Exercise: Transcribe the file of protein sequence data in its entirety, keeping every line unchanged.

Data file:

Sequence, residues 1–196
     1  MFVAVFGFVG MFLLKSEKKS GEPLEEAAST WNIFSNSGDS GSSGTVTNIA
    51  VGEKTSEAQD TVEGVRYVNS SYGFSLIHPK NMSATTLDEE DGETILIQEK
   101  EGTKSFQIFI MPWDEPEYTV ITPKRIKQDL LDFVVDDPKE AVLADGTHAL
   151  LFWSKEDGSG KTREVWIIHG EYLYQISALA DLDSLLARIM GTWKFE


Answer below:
Sequence, residues 1–196
     1  MFVAVFGFVG MFLLKSEKKS GEPLEEAAST WNIFSNSGDS GSSGTVTNIA
    51  VGEKTSEAQD TVEGVRYVNS SYGFSLIHPK NMSATTLDEE DGETILIQEK
   101  EGTKSFQIFI MPWDEPEYTV ITPKRIKQDL LDFVVDDPKE AVLADGTHAL
   151  LFWSKEDGSG KTREVWIIHG EYLYQISALA DLDSLLARIM GTWKFE